Professor Allan Lichtman says 13 key factors about the incumbent administration and candidates will decide this race. Party mandate, contest, incumbency, third party, short-term on the economy, long-term on the economy, policy changes, social unrest, scandal, foreign military failure, foreign military success, incumbent charisma and challenger charisma.

By this measure, if Obama and the Democrats fail on just six of these measures, the White House goes to Trump. Well, the professor who developed this system says Trump can start measuring the trapes. With six days to go, he`s sticking to that prediction and he hasn`t been wrong in the last eight presidential elections.

Allan Lichtman is a professor of history at American University, and he`s correctly predicted the results of every presidential election using this matrix since 1984.

Professor Lichtman, good to see you. And I will say, I know you`re not a supporter of Donald Trump. In fact, I think you ran for the U.S. Senate as a Democrat back in the day. But why -- what is it -- what are the -- what`s the missing seventh key for Hillary Clinton that is what -- that your system says is going to keep her from the White House.

ALLAN J. LICHTMAN, PROFESSOR, AMERICAN UNIVERSITY: All right. You`ve gone through the keys. And you`re absolutely right. My predictions are totally nonpartisan. Ninth prediction. Five Democrats, four Republicans. You can`t be more nonpartisan than that.

Here are the six keys out against her. Party mandate because they took a pasting in the 2014 mid-terms. Incumbency since, obviously, Obama isn`t running. Third party, the shakiest key. Gary Johnson is polling way above what any libertarian has done. But he might be fading.

Fourth, the lack of major policy change, given the gridlock in the second Obama term. The key goes term by term. Five, the lack of a big splashy foreign policy success in the second term, like dispatching Bid Laden in the first term. And number six, the fact that, obviously, Hillary Clinton is not a once in a generation charismatic candidate like a Kennedy or a Reagan.

But, Chuck, you know I`m not a hedger. I have never hedged a prediction in 30 years.

TODD: It sounds like you might hedge.

LICHTMAN: Before you were born. But I have a hedge this time.

TODD: Uh oh.

LICHTMAN: Do you want to hear it?

TODD: Let`s hear the hedge.

LICHTMAN: The hedge is, look, I`m not locking at a crystal ball. I`m not Ben Carson. I don`t have a direct line to the almighty. I`m basing my predictions on history. And retrospectively, they go all the way back to 1860. So, it`s broad parameters.

But in Donald Trump, we may well have a history-smashing candidate. A candidate who so much of the American people regard as unfit for the presidency who`s done a dozen things that would have driven any other candidate --

TODD: Yes.

LICHTMAN: -- out of the race. I`ll give you a simple example that you know well. In 2012, when Herman Cain was favored for the Republican nomination, three or four women came out and said, he sexually harassed them. That drove him out of the race.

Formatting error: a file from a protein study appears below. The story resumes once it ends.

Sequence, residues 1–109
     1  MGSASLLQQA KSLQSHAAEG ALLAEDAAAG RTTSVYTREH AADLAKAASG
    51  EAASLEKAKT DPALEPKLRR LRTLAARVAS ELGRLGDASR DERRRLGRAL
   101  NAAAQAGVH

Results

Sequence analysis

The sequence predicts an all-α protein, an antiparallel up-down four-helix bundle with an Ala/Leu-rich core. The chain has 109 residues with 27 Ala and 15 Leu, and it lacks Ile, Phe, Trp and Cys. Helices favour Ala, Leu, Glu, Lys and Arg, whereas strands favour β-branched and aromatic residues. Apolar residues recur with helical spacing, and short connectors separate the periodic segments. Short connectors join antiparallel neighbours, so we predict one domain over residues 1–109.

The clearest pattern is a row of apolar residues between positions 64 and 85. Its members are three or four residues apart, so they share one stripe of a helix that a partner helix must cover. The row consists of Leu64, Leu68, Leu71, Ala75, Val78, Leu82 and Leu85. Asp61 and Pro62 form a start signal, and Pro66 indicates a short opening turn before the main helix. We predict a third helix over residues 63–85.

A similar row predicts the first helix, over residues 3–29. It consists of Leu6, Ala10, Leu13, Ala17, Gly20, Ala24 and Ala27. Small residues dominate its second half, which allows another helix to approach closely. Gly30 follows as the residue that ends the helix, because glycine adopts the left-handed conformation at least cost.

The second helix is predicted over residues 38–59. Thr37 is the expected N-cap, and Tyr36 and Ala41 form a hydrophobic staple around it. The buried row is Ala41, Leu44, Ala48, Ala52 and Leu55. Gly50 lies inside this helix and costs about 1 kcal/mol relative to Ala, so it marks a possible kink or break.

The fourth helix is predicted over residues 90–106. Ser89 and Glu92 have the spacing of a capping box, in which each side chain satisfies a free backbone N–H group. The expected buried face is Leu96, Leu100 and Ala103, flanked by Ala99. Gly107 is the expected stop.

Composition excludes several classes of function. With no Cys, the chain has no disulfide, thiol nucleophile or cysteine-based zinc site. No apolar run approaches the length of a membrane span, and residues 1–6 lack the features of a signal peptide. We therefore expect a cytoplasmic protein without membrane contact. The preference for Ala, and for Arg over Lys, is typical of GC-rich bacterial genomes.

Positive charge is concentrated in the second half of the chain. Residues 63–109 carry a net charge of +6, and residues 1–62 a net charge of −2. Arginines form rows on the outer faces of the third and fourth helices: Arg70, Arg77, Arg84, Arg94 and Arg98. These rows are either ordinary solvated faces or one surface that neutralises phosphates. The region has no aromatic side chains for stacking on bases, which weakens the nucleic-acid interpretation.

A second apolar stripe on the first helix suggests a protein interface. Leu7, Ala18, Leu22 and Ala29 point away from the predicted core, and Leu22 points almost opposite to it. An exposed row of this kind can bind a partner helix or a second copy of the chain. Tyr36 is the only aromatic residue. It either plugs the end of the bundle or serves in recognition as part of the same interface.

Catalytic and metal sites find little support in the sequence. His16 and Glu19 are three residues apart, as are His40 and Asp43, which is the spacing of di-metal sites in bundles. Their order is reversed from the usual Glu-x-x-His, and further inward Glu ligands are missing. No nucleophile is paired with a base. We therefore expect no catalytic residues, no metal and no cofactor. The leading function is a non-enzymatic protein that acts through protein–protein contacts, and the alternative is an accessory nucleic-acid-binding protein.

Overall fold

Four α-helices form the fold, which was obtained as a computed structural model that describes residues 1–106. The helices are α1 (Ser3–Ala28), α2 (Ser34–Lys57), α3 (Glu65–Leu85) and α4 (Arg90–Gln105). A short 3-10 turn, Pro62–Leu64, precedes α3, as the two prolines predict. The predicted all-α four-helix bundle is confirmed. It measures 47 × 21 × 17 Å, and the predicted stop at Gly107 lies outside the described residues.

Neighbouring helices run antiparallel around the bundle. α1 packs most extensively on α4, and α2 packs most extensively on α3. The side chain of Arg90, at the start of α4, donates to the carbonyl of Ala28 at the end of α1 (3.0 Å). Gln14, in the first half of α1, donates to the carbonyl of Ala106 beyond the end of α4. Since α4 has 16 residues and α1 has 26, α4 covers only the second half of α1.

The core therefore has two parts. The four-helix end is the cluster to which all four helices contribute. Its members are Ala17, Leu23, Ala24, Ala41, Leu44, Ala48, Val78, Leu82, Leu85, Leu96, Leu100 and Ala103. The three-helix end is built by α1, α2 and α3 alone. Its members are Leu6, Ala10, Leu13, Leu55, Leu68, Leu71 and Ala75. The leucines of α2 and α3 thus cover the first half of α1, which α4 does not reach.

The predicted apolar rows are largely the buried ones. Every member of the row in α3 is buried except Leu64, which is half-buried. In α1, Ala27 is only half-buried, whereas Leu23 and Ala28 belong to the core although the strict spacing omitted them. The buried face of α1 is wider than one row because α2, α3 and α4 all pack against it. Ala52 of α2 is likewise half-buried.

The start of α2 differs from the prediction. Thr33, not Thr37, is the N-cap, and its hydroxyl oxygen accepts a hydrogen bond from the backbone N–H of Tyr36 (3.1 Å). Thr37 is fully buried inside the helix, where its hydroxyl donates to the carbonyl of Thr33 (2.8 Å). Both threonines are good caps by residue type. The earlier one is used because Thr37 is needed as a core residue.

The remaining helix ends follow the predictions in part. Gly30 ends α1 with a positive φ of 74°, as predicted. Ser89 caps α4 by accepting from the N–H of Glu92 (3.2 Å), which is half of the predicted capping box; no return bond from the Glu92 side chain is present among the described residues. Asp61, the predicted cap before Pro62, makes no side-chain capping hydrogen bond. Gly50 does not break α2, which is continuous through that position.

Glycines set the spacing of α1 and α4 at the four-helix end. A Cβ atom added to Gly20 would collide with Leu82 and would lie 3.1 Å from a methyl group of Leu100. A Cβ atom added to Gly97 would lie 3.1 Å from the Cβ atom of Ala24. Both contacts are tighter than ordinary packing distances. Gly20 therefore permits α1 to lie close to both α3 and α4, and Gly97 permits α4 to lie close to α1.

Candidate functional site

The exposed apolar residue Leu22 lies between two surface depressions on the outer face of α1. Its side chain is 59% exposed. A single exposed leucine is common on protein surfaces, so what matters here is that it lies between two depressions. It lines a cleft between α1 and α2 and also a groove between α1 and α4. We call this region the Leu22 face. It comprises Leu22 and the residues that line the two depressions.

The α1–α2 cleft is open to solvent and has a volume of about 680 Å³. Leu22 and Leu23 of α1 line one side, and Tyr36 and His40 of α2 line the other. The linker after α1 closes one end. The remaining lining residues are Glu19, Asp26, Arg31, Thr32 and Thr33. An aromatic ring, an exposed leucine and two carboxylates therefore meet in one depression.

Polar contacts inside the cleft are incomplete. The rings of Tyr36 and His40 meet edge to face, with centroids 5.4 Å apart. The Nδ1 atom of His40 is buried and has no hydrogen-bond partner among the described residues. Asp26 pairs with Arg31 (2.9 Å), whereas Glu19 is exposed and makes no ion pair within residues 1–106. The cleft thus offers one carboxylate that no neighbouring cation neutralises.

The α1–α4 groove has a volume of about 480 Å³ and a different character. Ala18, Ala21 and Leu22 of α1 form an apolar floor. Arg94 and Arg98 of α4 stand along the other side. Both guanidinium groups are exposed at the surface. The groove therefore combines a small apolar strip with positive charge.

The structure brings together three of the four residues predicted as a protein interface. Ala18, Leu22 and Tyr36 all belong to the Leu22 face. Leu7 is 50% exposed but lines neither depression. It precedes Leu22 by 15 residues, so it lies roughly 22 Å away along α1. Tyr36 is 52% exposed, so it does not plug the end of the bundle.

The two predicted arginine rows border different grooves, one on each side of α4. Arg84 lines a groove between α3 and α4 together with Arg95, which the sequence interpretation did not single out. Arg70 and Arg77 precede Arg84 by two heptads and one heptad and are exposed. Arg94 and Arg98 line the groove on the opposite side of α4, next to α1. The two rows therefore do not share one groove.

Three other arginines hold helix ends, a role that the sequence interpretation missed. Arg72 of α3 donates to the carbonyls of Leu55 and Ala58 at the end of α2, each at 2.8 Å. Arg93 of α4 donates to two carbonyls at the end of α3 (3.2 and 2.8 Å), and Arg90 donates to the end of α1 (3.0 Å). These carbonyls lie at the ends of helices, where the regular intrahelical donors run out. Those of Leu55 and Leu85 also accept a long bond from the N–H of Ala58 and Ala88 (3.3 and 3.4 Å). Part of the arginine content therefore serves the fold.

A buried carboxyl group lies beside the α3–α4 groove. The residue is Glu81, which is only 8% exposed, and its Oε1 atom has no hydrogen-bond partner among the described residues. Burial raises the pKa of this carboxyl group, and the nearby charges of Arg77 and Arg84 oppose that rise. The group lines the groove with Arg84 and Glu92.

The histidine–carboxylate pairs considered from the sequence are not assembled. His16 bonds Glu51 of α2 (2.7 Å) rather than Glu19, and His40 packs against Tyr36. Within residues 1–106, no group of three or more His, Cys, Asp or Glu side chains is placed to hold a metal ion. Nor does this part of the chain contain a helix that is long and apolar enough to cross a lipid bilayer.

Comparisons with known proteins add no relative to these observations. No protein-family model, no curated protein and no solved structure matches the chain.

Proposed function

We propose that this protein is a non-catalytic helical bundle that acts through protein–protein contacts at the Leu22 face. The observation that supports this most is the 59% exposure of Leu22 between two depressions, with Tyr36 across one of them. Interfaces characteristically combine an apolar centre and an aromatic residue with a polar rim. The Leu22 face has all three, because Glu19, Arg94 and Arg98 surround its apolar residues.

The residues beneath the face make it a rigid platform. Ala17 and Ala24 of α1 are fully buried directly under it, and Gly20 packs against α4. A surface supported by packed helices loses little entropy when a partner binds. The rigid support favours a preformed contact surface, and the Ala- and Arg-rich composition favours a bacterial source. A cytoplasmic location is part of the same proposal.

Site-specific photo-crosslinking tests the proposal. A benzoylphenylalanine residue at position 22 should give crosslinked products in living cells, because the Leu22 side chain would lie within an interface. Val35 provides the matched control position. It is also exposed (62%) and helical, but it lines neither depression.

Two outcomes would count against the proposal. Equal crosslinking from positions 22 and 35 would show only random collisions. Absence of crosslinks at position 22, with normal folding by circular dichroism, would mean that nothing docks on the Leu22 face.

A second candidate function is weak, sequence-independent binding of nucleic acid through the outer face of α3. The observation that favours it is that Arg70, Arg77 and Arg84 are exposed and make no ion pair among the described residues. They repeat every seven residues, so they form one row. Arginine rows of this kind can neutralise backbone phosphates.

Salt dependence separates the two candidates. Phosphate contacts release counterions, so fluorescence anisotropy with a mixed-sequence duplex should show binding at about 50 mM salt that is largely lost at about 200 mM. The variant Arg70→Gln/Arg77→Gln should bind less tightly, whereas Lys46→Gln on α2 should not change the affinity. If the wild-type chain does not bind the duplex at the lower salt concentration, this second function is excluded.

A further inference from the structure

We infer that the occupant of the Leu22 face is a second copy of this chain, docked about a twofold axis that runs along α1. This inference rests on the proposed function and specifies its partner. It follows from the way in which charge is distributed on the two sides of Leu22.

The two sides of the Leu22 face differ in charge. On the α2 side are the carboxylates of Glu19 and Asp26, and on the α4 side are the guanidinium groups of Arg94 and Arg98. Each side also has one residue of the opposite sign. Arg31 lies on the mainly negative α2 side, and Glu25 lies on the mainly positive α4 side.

Donald Trump has been accused of sexual harassment by 12 woman and unlike Herman Cain, he`s openly bragged about sexually assaulting women. And yet, he continues on. He`s the only candidate ever to question the peaceful transfer of power.

TODD: Let me as you this.

LICHTMAN: So, he could break the pattern.

TODD: OK, he could break the pattern. But there is a chance that your keys -- that Hillary Clinton basically gets this last key and it goes to the third party. What is your level? What is the level on your key for a third -- is it the collective third party vote? What is it -- like, is it at a five percent threshold, 10 percent threshold? What is your threshold there? Because that appears to be the one that might flip it for you if it does fade?

LICHTMAN: Chuck, as usual, you`re right on point. Obviously, we don`t know what Gary Johnson is going to poll. And it`s just Gary Johnson. My typical methodology that I`ve used for over 30 years is to take the highest polling numbers for a third party and cut it in half. That`s worked invariably for 150 years.

And Gary Johnson, at one point, was polling about 13 percent when I first made my prediction. So, I cut it in half and I said, well, he`s about six, six and a half. That`s well above the five percent threshold.

But the polling now shows he`s in decline. He now may well dip below five percent. I don`t know what Gary Johnson is going to do ultimately. I`m not going to change my prediction a few days before the election. I`m not James Comey. I`m not going to jeopardize the election.

TODD: But the point is this. If he ends up less than five, then that`s one less key and then that would mean what?

[17:30:05] LICHTMAN: Well, --

TODD: That this -- your system would work --

LICHTMAN: -- that would mean I`m going to predict the --

TODD: -- if Clinton wins?

LICHTMAN: The system would work if Clinton wins. That`s right.

TODD: All right. Allan Lichtman, we`ll be waiting to see and maybe it`s all about Gary Johnson`s number to find out the future of your keys. Anyway. Always good to see you, sir. Thanks for coming.

LICHTMAN: Same here, Chuck.

TODD: All right. Still ahead, Michael Moore joins me in his new movie called "TrumpLand" and whether the nation can come together after this incredibly divisive election. Stay tuned.


TODD: More "MTP Daily" just ahead including a story of Michigan. But, first, here`s Hampton Pearson with CNBC Market Wrap.

HAMPTON PEARSON, REPORTER, CNBC: Thanks, Chuck. We had stocks ending lower on this Federal Reserve decision day. The Dow sheds 77 points. The S&P sinks by 13, falling below the 2100 level for the first time since July. The Nasdaq finishes down by 48 points.